Are you truly prepared to survive what is coming?
It could prove to be the darkest period yet for modern civilization and the age of technocracy.
An EMP, a natural disaster, a nuclear attack, an economic collapse or a declaration of martial law rank among just some of the worst scenarios that could befall our society. And if you are not prepared, you will fall along with the masses.
Not long ago, the London Guardian interviewed global crisis expert and author Nafeez Ahmed, extracting lots of great info to think about prepping for survival.
Ahmed, who was involved with advising on a video game that included realistic portrayals of crisis aftermath, brought up lots of good points, including basics like:
1. Don’t hole up alone with hundreds of tins of baked beans
“There’s a survivalist response which is ‘I’m going to hide away all by myself’,” says Ahmed. “You’re probably not going to survive like that – you have to cooperate with other people… The more people who band together, the more likely you are to be able to rebuild something like a society.
2. You need to go rural … but not too rural
“Cities are found to be extremely vulnerable simply because there are so many supply chains that are interdependent… People will be competing with each other for these scarce resources, which creates violence… You need a group of differently skilled people who can work cooperatively in order to build your own supply chains and flourish…”
3. You need access to running water and agricultural land
“There’s also the need to grow your own food,” says Ahmed. “Again you’re better off doing that with a group of people on a large area of land where you can apportion labour. That’s not going to work as well in an urban environment.”
5. Don’t necessarily trust the government or law enforcement
All major governments have contingency plans in place to ensure their survival after a global disaster…. What we can be fairly certain of, however, is that it will involve the suspension of constitutional government and the instalment of martial law. To some degree.
But the most interesting discussion was on communications during a survival situation.
Of course, a lot of it has been brought up by different survival sources, but it is amazing how inventive people could be in setting up networks, even if the main internet went offline or was inaccessible.
4. Establish communications
The basic method of acquiring information will be a wind-up or solar-powered radio. However, to actually communicate with the outside world, or with members of your community, you may be back to walkie-talkies, two-way radios or even a citizen band radio…
Apparently, using a few repurposed items in tandem with alternative sources of energy could go a long way, and in the right configuration might even successfully set up a worthwhile local network.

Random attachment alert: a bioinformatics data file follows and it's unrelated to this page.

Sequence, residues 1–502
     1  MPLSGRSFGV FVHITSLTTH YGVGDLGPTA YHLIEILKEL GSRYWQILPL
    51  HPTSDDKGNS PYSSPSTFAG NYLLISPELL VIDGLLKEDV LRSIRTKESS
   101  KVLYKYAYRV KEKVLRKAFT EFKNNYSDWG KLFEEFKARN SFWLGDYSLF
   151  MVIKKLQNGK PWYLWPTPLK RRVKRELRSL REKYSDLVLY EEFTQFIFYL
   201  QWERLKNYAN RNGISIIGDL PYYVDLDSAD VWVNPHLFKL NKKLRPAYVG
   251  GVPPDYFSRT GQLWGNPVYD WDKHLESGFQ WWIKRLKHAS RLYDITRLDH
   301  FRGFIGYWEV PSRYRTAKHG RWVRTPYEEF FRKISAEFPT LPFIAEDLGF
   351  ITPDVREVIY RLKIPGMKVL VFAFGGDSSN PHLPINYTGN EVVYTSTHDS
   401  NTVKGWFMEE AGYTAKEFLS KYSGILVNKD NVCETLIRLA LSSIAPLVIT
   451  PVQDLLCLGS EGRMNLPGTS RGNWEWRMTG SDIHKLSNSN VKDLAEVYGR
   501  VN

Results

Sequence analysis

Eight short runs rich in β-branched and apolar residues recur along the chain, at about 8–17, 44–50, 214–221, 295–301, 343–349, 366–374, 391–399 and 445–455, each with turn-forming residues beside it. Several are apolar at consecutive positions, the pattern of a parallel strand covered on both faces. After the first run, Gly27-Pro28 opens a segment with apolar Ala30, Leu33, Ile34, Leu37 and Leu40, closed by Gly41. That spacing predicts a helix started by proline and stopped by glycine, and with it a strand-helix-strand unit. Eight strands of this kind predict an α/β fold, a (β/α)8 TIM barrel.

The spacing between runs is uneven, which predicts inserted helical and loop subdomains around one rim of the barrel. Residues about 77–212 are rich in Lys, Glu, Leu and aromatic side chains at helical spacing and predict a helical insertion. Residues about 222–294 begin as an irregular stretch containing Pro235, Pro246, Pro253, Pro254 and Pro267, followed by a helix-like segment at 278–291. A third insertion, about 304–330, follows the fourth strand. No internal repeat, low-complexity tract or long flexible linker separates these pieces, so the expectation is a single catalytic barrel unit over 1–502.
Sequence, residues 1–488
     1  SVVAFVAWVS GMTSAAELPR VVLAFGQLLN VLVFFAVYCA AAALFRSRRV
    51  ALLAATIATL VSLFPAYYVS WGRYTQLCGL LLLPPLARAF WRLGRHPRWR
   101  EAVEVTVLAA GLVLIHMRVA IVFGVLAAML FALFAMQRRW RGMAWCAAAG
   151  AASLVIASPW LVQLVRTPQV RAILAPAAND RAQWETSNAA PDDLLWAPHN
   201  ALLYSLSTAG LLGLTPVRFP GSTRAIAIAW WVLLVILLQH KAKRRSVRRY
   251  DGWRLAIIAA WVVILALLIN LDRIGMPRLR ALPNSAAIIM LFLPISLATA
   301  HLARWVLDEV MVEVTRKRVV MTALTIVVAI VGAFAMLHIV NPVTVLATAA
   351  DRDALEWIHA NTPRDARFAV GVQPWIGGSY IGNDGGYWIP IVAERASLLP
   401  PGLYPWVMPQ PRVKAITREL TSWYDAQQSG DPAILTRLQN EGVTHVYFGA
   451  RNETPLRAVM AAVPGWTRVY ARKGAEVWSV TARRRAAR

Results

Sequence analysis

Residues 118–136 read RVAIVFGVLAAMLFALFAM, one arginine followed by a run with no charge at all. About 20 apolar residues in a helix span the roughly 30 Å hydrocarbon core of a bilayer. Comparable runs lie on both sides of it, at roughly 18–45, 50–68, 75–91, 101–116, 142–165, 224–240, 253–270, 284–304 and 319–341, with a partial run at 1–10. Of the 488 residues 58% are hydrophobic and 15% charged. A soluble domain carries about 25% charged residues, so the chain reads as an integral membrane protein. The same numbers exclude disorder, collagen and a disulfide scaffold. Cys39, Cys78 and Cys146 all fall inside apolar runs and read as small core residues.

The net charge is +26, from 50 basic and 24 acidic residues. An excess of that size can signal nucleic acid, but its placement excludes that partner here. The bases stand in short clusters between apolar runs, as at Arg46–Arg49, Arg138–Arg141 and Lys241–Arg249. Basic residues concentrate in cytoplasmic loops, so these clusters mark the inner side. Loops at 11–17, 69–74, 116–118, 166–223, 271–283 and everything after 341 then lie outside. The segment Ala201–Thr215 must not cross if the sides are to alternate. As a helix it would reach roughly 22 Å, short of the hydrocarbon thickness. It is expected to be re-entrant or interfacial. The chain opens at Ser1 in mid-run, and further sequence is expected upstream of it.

If the internet providers and content sources go down, you can go it alone on a small scale, according to Ahmed:
Your best option, then, may be to set up your own community computer network – and the most sensible technology would be Wi-Fi, as the components are easily available. “You could loot a PC World for broadband routers and then hit a garage or supermarket for some Pringles cans,” says Bloch. “With those, you can probably build a reasonable network across a scorched suburb.”
Why a Pringle can? Well, it can be used to create a cantenna which would be capable of boosting a Wi-Fi signal from your computer. “Some students in Kansas made a cantenna that transmitted over 100 miles a few years ago,” says Bloch. He suggests using a cheap Raspberry Pi as the combined communications hub and router (although a basic netbook may be a good alternative). “I ran an old Pi off four AA batteries for four hours just to play a video game a while back, and that was wasting power on bluetooth and speakers. They can shift a lot of traffic, and run little servers, so I imagine you could run tiny hubs off a car battery for 1-2 weeks at a time.
“If you ran an old-school email network off those, it’d be quite handy and expandable piece by piece as you contacted neighbouring villages, cleared the zombies out, etc. I guess that’s the nice thing about the internet: the oldest protocols still adapt to this situation. I think some people really want to see this happen, just so they can prove it.”
A Pringles can to create a “cantenna” for wifi transmission? That bears some further explanation:
Getting a wifi antenna from pringles tube (DIY Cantenna)
Along with a number of low tech alternatives, there is also the chance that you and a network of survivors could piece together a wireless mesh network with radios or cell phones:
Broadband Over Radio Wireless Mesh Network Experimentation for Emergency Communications
It’s all very technical, so if you are serious about survival, it is obviously essential to test it before things collapse. Nevertheless, it offers up some rewarding possibilities.
According to Ahmed, who posts his work regularly to his personal website, it would be
“a long time before everything is safe… If you really wanted to stay safe, I think you’ll need to survive for a decade before civilisation sorts itself out.”
There are too many scenarios to list here, and every reason to think the world is titled towards ensuing chaos, and a grander attempt at “order out of chaos” than anyone has yet seen.
SHTFplan and Mac Slavo www.shtfplan.com